Spending so much time stewing in my own brain accounts for another facet of my personal writing style, which is that I have a tendency to jump right in, as if the reader has been in my head following along with my thoughts the whole time and now I’m just starting to say it out loud (or to send my words out into the universe, as the case may be). I believe this is referred to in drama as in media res, where the story or conversation starts in the middle of the action, as if the listener/reader has been party to the conversation in my head the whole time.

That tendency has manifested itself in my real life as well. On Day 1 of law school orientation, I saw a beautiful boy, and then I continued to see him as the school year progressed. He was in my section, so he was in most of my classes. There were lots of surreptitious glances but no actual contact beyond an occasional smile and nod. However, in my MIND, and in my journals, I had this whole fantasy friendship with him. I visualized how we would meet (multiple alternatives), and I had many imaginary conversations with him. I invented details about him just by virtue of watching his movements around campus and overhearing conversations (being an older law student, I was invisible to a lot of my fellows in that I did not factor into the overlay of flirtation and mate-hunting so prevalent among my twenty-something classmates, so I was able to almost become a fly on the wall sometimes).

Year two began, and he was again in a few of my classes.  One day, for some reason but seemingly without any premeditation on my part (apart from the entire fantasy friendship with him that I had created in my own mind), as we were walking out of the room after class one day, I spoke to him. I complimented him on his shirt, which was a pale purple. I said something like, “That’s one of my favorite colors, but it takes a confident man to wear pale purple.” As if we’d been friends and having conversations all along!!  But it was his reaction that was most surprising of all: Not only did he not cringe away in disgust – “Why is this creepy old lady talking to me?? Do I even KNOW her??” – he actually laughed and said, “Thanks . . . I think!”  And with that small conversation starter, with me stepping out of my black-and-white head and into colorful reality, almost like Dorothy emerging into Munchkinland, we became REAL LIFE friends. We spent the entire graduation ceremony together, thumb wrestling and making each other laugh, and had one glorious bar exam study session at my house in Long Beach. We still correspond occasionally now via Facebook, but I’m always reminded of that story when I think of how I like to just jump right into my writing sometimes – as if you’ve been a party to the conversation in my head all along.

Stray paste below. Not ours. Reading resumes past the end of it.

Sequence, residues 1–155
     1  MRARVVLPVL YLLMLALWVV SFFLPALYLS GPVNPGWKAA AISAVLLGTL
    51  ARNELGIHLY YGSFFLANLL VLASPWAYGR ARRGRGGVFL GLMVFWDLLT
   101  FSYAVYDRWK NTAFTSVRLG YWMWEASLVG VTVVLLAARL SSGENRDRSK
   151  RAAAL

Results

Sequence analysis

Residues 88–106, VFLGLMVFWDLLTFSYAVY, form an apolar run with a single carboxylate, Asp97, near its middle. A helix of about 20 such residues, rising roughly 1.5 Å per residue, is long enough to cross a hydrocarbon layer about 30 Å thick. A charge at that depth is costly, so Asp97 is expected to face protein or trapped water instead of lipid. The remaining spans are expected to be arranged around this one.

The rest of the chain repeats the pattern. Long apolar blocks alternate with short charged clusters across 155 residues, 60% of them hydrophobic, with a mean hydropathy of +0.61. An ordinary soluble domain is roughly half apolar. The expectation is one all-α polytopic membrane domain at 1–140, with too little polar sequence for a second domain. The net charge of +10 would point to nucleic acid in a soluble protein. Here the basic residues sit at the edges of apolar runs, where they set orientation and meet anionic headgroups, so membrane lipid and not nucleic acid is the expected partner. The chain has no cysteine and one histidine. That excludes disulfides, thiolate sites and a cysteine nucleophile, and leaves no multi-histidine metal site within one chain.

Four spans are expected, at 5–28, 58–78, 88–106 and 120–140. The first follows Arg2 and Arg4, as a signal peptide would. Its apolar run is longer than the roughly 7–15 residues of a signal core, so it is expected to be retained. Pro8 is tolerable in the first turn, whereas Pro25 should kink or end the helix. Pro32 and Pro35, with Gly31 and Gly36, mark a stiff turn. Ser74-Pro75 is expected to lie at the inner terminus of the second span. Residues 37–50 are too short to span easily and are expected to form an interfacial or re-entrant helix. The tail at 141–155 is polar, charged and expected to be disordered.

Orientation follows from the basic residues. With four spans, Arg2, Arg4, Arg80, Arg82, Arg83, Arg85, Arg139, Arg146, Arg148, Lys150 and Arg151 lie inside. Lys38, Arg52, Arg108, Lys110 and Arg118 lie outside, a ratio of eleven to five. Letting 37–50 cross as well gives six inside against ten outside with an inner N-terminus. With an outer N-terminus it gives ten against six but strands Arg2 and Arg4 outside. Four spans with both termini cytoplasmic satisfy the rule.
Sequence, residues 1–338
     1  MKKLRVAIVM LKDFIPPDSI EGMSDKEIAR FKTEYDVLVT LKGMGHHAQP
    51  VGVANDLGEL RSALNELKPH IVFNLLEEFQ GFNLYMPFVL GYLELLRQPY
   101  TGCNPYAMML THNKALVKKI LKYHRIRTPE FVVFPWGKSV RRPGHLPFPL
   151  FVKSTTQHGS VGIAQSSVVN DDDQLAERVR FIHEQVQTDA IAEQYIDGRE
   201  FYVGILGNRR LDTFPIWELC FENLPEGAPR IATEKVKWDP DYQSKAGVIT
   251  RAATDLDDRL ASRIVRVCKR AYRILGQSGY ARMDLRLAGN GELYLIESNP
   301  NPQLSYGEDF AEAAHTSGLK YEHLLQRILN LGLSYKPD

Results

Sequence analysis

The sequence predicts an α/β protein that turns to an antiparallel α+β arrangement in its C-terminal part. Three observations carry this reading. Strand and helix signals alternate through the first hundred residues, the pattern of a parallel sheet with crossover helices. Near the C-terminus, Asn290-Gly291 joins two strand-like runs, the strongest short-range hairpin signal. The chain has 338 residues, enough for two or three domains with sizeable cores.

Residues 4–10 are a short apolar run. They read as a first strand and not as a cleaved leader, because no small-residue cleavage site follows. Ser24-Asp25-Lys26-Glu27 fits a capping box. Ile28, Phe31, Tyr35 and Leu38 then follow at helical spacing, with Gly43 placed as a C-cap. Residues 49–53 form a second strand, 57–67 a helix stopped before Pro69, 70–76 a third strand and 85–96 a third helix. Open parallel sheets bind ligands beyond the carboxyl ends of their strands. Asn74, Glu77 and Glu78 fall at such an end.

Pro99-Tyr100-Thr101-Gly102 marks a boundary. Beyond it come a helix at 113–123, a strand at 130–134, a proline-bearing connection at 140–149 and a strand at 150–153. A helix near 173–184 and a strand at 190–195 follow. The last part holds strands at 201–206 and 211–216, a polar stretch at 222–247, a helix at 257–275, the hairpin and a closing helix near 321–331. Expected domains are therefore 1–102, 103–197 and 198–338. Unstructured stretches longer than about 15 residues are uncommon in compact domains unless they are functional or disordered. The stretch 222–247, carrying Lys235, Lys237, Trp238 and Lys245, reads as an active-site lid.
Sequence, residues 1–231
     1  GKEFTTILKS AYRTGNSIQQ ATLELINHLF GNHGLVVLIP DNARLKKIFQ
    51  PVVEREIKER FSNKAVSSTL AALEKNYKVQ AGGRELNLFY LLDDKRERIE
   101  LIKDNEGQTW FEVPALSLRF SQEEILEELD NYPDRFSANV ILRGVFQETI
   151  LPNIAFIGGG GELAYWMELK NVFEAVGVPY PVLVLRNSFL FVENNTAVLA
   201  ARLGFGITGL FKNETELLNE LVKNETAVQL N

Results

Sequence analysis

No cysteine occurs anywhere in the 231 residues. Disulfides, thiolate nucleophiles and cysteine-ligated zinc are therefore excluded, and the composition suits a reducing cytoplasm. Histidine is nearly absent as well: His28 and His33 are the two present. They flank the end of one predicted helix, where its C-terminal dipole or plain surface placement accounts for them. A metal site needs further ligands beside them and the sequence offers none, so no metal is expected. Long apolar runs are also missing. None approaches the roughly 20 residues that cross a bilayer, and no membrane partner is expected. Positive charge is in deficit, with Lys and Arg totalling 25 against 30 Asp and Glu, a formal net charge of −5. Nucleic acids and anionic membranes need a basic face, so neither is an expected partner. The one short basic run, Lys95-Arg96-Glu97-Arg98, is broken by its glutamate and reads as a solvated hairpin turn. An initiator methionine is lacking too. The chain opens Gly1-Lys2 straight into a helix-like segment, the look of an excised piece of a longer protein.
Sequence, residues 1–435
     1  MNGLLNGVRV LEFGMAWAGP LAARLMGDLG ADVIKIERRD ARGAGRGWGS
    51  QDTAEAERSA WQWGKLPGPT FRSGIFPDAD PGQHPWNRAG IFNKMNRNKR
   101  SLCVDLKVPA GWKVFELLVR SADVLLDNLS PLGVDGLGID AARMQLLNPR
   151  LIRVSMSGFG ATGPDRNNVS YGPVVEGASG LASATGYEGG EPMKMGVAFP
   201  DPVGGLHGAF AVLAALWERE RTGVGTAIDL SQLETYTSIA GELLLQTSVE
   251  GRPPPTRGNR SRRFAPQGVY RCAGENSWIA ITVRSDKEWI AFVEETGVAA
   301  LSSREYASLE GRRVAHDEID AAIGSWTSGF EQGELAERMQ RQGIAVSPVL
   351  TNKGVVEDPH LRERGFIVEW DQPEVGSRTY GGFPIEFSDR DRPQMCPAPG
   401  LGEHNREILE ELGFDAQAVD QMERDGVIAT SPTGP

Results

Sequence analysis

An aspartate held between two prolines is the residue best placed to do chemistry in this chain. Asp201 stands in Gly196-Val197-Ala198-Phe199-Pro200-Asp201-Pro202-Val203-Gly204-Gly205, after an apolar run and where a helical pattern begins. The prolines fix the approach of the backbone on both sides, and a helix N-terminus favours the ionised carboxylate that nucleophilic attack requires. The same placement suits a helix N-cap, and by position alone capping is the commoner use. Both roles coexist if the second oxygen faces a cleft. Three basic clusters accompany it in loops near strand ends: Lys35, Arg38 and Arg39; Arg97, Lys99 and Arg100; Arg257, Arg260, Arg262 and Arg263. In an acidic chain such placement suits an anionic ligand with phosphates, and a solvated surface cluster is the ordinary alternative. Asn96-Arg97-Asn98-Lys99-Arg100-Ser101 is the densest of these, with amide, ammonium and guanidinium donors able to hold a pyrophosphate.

I wanted to start a blog so that I could rant and/or rave about things that interest me, releasing my thoughts from the prison of my brain and offering them to the universe in a way that is familiar and comfortable to me, because I have been writing this way for as long as I can remember. I never want to shy away from naming names, whether it’s hockey players or celebrities or authors or artists or songwriters, although when it comes to naming names of real people in my life, I’m not always sure where to draw the line. I’ve made a sort of self-imposed rule where I won’t publish someone’s first and last names unless I know they’ve got a “public” presence, on Facebook or otherwise. But there are certainly people from my past who I would LOVE to read something I wrote in my blog about them.  If they somehow discovered me via the blog post, and saw what I wrote about them, I would hope that they would be flattered and proud and it would make them feel good. So I will occasionally give a shout-out to people from my past (and present), but most of the time I will keep things anonymous and readers will just have to wonder.

In any event, I would never want to hurt anyone’s feelings or cause them shame.  This blog is meant to be rife with positivity in the hope that it will occasionally inspire people to be nicer to one another. That’s the real purpose for me starting this blog – and maybe my purpose in life.